ᴊᴏᴇ ᴍᴄᴋᴇᴏᴡɴ’s review published on Letterboxd:
Part XXVI: The VVitch (2/2 Folk Horror)
It's more than a little possible that I've built this film up in my head over the years into some kind of treasure I was yet to uncover, given that I'd been meaning to watch it for the last six years and never got round to it, whilst simultaneously adoring Eggers' later film, The Lighthouse - so the expectation was high.
And yet whilst I can clearly see the same talent on show, I'd be lying if I said I wasn't a tad disappointed overall.
There's a very fine line between creeping atmosphere and well, nothingness. And for large stretches of the Witch, I did find it a little... harsh to say "boring"... but "still". Yes, this would have been an artistic decision, no doubt, I'm just not sure it completely works.
I was fully invested in the story, but I didn't always feel like the film was always working as it should. This again, may be because I'm coming to it after the event and the Witch has clearly inspired many a follower, but it never worked on a level of say, Gretel and Hansel in my opinion. I'm sure I'm in a minority there, but there were moments in that film that really captured a sense of otherworldly-ness that the Witch only partially hints at.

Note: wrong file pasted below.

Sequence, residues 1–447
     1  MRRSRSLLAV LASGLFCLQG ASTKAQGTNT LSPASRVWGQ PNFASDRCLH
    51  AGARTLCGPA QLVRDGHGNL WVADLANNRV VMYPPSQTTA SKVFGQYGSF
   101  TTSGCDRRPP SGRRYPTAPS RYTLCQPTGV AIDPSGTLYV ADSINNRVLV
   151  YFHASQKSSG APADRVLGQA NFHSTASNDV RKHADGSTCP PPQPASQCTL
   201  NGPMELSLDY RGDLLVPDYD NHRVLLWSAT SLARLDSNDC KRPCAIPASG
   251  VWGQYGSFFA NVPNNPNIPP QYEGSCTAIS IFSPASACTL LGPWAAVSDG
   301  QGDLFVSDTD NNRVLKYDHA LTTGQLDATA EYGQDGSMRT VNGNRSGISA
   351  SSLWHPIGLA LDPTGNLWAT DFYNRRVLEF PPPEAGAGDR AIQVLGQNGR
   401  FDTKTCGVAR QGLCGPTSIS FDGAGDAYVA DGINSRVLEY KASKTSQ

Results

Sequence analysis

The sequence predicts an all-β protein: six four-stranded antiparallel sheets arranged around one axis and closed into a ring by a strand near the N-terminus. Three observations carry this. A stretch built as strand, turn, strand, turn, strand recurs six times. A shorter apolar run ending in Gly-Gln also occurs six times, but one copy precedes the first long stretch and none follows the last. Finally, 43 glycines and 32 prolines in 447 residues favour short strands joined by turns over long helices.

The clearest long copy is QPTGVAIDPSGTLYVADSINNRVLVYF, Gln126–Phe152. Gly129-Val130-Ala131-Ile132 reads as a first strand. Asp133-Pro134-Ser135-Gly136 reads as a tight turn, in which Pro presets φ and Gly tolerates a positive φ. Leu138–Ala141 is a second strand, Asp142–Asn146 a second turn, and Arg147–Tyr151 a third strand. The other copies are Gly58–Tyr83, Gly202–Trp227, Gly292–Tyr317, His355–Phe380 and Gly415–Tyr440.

That's not to say there aren't moments, especially towards the end when Caleb returns and all hell breaks loose. It was here where a story actually seemed to form, when the question of who the Witch actually is in the household (if it is anyone at all) arrives and the tension begins to ramp up.
There's some standout sequences that have been referenced endlessly so I won't go into them here, but I will say, they're all very well done.. and occasionally it captures that same eerie atmosphere in which Eggers has now built his name.
It's a really great cast, with Ana Taylor-Joy, Ralph Ineson and Kate Dickie all on quality form, but even the child actors are putting in really solid performances, especially the Twins, who were both mischievous and creepy at the same time.
I appreciate the effort here. There's nothing I like more than a film that is built with an emphasis on atmosphere rather than dialogue or story. I just feel that in those gaps where we're asking for the filmmaking to supply that atmosphere, it felt sometimes a little lacking.
But not to be too down on it, it's still a very good calling card of a movie, for a director who's already gone on to do better, and who's version of Nosferatu I cannot wait to see.